It’s might be tempting to want to under budget when it comes to flooring—it can be very expensive and yet, flooring is the largest expense of material in your house. It really sets the tone for your whole design. Sometimes what you see is what you get—you take up a carpet to reveal beautiful wide pine plank flooring in excellent condition. Other times, there’s a whole rotten mess lurking beneath the surface.
The biggest reason homeowners choose to replace wood flooring is to satisfy aesthetic preferences. Creaky and uneven floors might be perfectly charming in a restored historic townhouse, but perhaps inappropriate in a home or apartment with a more modern feel and aesthetic.
If there’s significant damage to a large part of the floor, or if you’re renovating and moving walls around, it will almost always be more time- and cost-efficient to replace. Keep in mind that not all damage is superficial. Does the floor creak? Does it wiggle when you walk over it? Are there soft spots? Is it level and is it flat? These are all things that call for further investigation, as they may indicate a bigger issue beneath the surface. Subfloor deterioration due to mold or termites can go unseen, but eventually degrade the underside of any wood flooring put on top of it. In some older home there is no subfloor at all. Which means your flooring is the only thing between you and the room or apartment below. This can limit the types and intensity of repairs the flooring can take. RH Wood Floors have repaired and restored 100's of wood floors, we are Dublin's experts in Wood Floor restoration. Give us a call if you need advise on your floors and we can arrange a free consultation. Take a look at a recent restoration project in Ranelagh, Dublin here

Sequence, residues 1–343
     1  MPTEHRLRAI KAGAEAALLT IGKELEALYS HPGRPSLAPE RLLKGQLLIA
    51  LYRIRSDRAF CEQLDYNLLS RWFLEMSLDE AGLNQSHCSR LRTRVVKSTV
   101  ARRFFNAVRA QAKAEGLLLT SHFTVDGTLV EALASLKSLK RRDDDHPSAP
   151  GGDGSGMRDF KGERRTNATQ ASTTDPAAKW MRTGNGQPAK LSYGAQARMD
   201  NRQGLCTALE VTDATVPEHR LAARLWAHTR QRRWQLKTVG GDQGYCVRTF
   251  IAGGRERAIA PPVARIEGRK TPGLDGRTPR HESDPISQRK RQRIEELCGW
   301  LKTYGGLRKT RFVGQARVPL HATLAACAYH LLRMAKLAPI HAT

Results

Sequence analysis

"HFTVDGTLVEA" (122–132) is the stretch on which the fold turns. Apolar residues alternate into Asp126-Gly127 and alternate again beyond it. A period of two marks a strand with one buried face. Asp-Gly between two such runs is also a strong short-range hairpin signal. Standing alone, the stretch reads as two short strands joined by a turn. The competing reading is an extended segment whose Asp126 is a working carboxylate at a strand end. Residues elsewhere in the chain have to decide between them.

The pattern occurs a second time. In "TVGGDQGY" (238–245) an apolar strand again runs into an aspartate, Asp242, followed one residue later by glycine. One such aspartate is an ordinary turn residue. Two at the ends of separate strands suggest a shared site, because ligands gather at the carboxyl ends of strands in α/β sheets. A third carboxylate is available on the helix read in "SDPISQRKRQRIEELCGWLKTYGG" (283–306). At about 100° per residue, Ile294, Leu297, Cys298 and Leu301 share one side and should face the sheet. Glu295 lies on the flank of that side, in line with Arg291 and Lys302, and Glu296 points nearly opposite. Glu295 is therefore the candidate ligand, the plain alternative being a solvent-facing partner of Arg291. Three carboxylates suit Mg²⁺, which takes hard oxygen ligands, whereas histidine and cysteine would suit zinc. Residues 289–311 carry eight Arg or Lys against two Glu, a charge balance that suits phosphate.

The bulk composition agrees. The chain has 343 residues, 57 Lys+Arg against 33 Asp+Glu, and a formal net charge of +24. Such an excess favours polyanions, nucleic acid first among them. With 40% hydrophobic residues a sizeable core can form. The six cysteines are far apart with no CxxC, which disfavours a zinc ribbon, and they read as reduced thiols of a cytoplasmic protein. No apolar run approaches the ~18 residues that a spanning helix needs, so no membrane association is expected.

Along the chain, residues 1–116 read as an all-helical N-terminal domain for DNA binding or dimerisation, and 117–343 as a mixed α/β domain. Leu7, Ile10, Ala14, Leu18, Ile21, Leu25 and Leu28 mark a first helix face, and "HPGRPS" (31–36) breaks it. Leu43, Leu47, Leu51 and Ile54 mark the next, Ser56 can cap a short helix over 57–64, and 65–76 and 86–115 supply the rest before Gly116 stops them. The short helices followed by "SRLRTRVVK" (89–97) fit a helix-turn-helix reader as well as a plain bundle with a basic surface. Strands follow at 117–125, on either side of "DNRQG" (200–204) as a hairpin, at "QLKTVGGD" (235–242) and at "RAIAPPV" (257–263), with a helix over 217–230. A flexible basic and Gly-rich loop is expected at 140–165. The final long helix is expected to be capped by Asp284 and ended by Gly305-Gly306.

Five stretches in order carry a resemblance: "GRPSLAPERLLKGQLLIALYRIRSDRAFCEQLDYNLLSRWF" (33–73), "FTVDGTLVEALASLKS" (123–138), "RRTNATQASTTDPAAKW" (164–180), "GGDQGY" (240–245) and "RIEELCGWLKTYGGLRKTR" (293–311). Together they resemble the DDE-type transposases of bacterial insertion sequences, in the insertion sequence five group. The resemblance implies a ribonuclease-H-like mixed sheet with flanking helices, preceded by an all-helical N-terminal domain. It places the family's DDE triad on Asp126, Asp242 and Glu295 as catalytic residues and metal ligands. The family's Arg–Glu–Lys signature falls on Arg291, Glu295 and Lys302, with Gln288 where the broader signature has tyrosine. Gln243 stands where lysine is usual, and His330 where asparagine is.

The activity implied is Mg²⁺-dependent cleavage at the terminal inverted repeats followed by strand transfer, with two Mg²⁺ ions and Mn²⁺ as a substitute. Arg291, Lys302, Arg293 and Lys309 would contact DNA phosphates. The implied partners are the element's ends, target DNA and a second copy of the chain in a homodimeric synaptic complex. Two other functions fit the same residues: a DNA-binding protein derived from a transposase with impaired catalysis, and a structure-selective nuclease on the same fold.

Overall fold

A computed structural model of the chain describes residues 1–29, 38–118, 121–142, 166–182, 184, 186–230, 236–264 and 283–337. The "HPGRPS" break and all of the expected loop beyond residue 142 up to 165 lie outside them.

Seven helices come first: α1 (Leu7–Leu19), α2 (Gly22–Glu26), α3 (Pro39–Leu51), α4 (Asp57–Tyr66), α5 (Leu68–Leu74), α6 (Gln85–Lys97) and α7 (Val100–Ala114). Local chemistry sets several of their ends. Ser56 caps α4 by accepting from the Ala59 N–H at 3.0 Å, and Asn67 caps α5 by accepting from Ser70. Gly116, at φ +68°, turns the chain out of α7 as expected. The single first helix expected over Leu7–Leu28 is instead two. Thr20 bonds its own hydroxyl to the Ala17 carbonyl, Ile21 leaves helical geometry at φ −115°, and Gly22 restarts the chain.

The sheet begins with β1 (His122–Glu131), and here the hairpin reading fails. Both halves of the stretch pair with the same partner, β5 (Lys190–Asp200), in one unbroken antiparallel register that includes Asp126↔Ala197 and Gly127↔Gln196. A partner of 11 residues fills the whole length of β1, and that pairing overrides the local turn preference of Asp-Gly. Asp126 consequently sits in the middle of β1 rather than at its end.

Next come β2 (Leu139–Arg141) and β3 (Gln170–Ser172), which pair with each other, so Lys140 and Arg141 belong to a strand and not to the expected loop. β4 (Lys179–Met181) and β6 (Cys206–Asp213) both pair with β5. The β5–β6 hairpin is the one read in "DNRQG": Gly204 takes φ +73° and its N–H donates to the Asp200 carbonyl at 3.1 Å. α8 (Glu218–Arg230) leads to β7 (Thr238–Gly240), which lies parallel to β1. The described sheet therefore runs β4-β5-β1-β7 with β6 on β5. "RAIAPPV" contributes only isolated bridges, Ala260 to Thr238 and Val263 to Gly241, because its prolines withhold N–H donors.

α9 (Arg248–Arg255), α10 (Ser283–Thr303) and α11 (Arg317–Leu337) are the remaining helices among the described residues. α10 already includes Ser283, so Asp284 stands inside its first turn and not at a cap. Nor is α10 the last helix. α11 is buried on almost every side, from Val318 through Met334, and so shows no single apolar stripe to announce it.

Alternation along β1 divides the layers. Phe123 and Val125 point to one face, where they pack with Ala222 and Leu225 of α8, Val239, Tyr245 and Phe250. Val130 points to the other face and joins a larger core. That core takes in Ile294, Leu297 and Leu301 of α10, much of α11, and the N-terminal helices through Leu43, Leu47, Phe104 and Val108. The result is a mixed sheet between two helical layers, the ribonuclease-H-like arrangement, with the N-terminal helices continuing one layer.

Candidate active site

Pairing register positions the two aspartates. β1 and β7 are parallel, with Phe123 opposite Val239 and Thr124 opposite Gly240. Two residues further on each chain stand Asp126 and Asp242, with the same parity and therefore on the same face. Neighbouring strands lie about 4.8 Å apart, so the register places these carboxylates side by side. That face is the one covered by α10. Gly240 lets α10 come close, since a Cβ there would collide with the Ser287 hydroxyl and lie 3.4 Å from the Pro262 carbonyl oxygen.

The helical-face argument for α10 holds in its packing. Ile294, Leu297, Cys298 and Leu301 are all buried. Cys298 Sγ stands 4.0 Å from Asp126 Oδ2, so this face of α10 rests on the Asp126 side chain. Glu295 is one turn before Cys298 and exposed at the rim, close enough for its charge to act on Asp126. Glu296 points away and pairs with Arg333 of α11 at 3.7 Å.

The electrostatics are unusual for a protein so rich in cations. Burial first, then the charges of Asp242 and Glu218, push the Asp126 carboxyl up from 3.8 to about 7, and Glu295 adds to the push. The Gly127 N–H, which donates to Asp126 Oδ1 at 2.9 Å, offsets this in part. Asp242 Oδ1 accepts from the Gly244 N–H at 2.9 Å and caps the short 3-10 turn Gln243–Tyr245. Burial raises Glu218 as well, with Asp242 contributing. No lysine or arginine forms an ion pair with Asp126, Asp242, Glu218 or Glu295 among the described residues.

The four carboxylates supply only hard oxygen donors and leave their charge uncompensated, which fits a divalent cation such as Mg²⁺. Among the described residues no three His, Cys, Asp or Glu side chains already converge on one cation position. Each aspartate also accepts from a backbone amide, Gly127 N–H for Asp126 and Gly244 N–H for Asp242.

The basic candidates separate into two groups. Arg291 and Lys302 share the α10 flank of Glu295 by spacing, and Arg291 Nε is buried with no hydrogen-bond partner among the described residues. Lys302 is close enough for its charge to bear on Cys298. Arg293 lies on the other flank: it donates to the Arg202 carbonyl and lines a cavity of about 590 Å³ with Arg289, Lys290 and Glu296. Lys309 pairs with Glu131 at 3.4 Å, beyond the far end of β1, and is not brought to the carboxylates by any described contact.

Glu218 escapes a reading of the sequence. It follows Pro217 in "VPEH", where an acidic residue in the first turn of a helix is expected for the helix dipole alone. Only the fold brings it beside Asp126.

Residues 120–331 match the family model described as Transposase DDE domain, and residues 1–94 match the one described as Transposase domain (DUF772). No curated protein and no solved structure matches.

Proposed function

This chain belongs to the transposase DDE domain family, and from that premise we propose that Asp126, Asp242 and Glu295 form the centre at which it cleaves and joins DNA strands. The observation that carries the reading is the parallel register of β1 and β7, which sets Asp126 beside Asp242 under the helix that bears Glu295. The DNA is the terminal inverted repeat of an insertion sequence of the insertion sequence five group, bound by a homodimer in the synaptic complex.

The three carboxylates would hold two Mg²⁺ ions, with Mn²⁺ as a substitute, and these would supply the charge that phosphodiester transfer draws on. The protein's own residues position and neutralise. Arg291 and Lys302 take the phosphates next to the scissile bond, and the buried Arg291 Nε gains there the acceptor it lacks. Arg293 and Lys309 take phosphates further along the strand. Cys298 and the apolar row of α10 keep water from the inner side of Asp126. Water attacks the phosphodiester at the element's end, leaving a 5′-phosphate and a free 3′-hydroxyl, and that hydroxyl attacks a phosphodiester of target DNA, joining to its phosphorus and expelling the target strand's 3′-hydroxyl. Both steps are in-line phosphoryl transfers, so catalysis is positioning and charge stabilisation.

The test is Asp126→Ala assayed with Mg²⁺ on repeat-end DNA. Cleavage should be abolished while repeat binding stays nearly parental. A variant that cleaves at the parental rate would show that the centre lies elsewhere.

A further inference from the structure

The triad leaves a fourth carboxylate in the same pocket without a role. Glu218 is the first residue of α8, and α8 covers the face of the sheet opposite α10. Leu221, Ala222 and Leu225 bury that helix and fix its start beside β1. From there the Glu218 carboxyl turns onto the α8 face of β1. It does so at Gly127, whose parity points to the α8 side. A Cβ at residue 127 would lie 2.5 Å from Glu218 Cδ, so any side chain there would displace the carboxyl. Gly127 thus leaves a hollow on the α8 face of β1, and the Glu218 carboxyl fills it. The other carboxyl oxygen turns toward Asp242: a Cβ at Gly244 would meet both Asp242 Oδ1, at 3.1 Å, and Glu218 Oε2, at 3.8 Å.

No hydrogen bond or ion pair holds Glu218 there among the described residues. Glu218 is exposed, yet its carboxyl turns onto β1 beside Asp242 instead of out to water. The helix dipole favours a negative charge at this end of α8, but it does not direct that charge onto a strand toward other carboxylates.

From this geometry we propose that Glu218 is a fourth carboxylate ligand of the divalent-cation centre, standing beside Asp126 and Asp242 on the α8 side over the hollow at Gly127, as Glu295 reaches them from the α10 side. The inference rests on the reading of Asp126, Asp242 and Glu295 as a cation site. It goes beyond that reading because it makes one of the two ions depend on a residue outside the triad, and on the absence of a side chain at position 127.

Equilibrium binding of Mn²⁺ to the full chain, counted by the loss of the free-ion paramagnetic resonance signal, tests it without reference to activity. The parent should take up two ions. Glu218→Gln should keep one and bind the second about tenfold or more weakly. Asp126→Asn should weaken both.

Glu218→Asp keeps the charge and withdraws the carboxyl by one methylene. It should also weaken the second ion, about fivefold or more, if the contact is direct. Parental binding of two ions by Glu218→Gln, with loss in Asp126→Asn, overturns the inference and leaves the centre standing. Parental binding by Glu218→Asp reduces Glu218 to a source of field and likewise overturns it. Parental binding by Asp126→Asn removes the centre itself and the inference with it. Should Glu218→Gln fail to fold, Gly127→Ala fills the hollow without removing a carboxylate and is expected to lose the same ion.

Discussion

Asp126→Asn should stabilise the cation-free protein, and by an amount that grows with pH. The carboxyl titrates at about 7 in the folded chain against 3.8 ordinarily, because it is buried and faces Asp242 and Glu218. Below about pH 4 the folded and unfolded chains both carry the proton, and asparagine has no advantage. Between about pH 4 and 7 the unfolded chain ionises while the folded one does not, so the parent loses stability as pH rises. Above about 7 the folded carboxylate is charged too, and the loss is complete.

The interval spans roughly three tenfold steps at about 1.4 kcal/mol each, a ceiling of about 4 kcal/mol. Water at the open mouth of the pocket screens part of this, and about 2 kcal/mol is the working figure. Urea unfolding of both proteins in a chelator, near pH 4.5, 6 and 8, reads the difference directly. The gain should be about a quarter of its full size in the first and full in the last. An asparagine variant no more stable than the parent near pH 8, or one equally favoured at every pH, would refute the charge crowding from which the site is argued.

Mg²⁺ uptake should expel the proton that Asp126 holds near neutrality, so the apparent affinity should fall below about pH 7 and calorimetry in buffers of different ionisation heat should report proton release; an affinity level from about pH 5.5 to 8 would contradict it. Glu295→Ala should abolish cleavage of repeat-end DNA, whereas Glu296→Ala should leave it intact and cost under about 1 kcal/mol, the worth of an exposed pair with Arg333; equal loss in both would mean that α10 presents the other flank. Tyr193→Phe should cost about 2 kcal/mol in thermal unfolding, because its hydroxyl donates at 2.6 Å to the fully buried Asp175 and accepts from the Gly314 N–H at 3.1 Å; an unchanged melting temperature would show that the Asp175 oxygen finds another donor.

The good news is that hardwood is durable especially wood in historic homes, where planks were generally much thicker. Often, an original floor with some minor surface damages or imperfections—peeling, deep grooves, slight warping—may be refinished or repaired. A good floor can be sanded down and refinished several times to look almost-new. Floors can have many lives. If you are replacing a few planks here and there, however, keep in mind that different kinds of wood take stain differently. If you have a white oak floor that’s currently sealed with a light stain or a clear polyurethane finish, going darker should be no problem but taking a dark floor, on the other hand, and going lighter might not be possible without bleaching, which can be costly and time-consuming.
Repairing individual damaged planks can be easier in rooms like bedrooms, where you can design around flaws with area rugs or placement of furniture. For new floors on a budget, RH Wood Floors have deployed strategies of prioritising long wood planks in the larger open rooms where they are most visible, and hiding shorter boards under beds and furniture, The same could be done with the grade and appearance of the wood, for example knots and checks, to avoid paying premiums for fully clear wood or solely long planks. In common areas like an open kitchen or living room, though, it can be harder to spot-fix. In this case, opting for a high-gloss finish may be one way to help hide imperfections like chips or cracks.
If you old wood floor is in generally good condition—there is something so special about keeping a floor that came with the house 150 years ago, with all its history and character, not every historic floor can or even has to be saved. If you’d prefer to rip up your perfectly fine floor and start over, you can send the wood to a salvage company.